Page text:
Tackling climate change should be at the top of John Swinney’s in-tray as he starts his new role as First Minister. 

The recent Scottish Government announcement to scrap their legally binding climate targets was deeply regrettable and wrong. So much so, it was probably Humza Yousaf’s downfall.

In 2019, thousands of SCIAF supporters had campaigned to secure these targets, and we loudly welcomed the brave commitment made by the Scottish Parliament to put them into law. Crucially, it’s vital to remember, all parties in the Scottish Parliament in 2019 backed these climate targets, except the Greens who called for even more ambition.  

In 2019, it felt like the world had woken up to the devastation being wrought already in our world by climate change. Led by the youth climate strikers, thousands of us took to the streets calling for our leaders to do all that they could to protect people, the planet and the unborn future generations who have a right to inherit a liveable planet. 

Five years on, I fear that 2019 passion for action on climate has dissolved. For all of our sakes, I hope this moment can be a wake-up call for everyone. This is a moment for a U-turn, and for the new First Minister to clearly commit to reversing the announcement that ended the premiership of his predecessor.

Why does SCIAF work on Climate Change? 

In 2023, I travelled to southern Malawi with SCIAF and the BBC, who were featuring our work with communities who’ve been affected by recent extreme weather events. There I met with Sofia. Sofia was part of a community that was re-homed in 2016, following devasting floods. The effect was deeply traumatic and disruptive.  

When we met her, she was living in temporary accommodation, with 20 other women and their children, after her home was destroyed by cyclones in 2022. This had torn her family apart, literally, as this accommodation was, for good reason, female only, leaving her husband to find shelter elsewhere. Not only were cyclones devasting this new land that she had been moved to, but increased flood waters were splitting the village in two.  

Soon after we left Sofia, Cyclone Freddy hit – the third extreme cyclone in four years. This again devastated Sofia’s community, and we learned they’ve been rehomed for a third time onto higher ground.

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This is why SCIAF works on climate change. This is why Scotland meeting its climate targets matters. The finest scientists in the world have concluded that historical and current emissions from countries like ours are having a massive impact on countries like Malawi, and communities like Sofia’s. Unless we act now, Sofia and millions of people like her will have nowhere else to turn.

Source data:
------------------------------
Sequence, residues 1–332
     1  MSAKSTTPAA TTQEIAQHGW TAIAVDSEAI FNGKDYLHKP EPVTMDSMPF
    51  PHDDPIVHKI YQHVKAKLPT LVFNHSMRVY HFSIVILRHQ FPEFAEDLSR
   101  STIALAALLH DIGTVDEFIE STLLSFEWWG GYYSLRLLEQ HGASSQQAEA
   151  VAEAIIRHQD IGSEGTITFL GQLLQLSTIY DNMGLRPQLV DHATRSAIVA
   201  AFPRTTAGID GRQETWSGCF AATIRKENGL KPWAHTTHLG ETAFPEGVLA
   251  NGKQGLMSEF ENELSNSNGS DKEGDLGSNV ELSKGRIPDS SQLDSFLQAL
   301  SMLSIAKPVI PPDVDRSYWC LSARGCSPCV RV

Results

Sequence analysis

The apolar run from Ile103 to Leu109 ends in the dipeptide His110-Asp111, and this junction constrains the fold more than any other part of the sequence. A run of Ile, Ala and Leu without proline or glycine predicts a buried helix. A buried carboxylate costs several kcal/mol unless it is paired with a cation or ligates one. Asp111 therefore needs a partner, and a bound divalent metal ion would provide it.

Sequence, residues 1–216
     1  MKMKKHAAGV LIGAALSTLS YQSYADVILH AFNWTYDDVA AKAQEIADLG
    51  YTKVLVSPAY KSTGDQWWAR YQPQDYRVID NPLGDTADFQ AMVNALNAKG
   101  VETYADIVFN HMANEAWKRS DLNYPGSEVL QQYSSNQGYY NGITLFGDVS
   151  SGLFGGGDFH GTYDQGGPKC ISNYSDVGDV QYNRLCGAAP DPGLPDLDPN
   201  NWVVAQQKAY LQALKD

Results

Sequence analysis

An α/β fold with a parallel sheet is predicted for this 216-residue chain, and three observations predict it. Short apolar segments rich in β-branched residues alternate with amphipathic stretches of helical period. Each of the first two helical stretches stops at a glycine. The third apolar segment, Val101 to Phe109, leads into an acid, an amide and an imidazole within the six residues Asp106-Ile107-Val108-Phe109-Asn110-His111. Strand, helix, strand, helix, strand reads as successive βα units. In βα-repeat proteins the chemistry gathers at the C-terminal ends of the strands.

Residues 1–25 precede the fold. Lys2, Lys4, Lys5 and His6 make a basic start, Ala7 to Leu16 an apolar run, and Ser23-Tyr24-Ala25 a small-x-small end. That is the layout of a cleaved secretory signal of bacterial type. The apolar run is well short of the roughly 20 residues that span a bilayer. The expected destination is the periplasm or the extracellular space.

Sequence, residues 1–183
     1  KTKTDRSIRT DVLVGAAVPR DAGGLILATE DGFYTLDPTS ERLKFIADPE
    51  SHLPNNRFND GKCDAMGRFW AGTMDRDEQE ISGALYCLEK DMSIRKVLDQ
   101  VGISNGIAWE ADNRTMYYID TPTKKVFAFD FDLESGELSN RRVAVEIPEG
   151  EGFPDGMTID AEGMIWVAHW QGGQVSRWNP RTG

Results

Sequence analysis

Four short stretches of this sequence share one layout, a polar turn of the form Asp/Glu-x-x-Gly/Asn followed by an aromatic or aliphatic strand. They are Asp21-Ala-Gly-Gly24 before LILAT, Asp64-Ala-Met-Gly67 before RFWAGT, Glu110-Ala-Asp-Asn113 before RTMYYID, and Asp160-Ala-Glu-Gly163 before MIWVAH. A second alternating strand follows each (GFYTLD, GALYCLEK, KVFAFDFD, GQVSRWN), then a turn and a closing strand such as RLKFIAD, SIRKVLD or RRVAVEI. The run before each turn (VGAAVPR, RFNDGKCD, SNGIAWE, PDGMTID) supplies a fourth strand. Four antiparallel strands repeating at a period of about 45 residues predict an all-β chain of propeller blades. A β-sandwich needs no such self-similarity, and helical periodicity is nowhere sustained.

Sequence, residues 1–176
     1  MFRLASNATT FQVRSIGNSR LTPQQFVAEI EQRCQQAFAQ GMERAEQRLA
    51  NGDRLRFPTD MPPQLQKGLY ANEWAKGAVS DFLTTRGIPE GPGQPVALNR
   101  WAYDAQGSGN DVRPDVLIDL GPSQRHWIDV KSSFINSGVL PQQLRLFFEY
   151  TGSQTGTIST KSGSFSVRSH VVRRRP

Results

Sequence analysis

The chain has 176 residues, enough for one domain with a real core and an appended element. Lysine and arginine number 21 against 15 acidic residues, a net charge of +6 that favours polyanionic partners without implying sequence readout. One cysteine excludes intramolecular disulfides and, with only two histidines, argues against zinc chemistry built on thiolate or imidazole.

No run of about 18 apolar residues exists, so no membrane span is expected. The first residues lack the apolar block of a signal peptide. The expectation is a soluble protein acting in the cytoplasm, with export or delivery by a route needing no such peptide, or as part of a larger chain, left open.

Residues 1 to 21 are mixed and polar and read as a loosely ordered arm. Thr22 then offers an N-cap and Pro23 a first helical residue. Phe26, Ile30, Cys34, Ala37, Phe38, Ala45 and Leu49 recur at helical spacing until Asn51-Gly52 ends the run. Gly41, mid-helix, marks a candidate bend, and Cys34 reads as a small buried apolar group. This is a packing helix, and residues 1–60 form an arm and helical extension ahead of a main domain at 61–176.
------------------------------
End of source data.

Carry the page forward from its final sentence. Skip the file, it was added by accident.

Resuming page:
The Herald: SCIAF director Ben Wilson on why climate change mattersSCIAF director Ben Wilson on why climate change matters (Image: SCIAF)

SCIAF is concerned about climate change because it's our job to stand-up for people like Sofia. This is deeply rooted in our mission as an agency of the Catholic Church. In 2015, Pope Francis published Laudato Si, which spelt out with great moral clarity why concern for the planet is deeply connected to concern for people, and why church teachings require us to champion a greener world.  

In 2023, Pope Francis published Laudate Deum, which was even more explicit in its calls on governments in the industrialised world to up their game on climate change.

I had the privilege of attending COP28 in Dubai as a member of the Holy See delegation. Pope Francis’ was unable to attend due to health reasons, but myself and the rest of the Vatican negotiators did our best to inject Pope Francis' moral clarity on this issue. Here in Scotland now, SCIAF is seeking to bring this message to Scottish politics and call upon our new First Minister to heed his cries; heed the cries of the earth, and the cries of the poor. 

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Our message to the new First Minister is clear - climate change must be back near the top of his government's agenda. Acting on climate change is a moral imperative. It's a duty we have to Sofia and others like her, who are already suffering its effects but have done little or nothing to contribute to it. It's a duty we have to future generations from whom we are only borrowing this planet, who deserve an Earth that can help them survive and thrive. 

Ben Wilson is Director of Public Engagement for SCIAF, Scottish Catholic International Aid Fund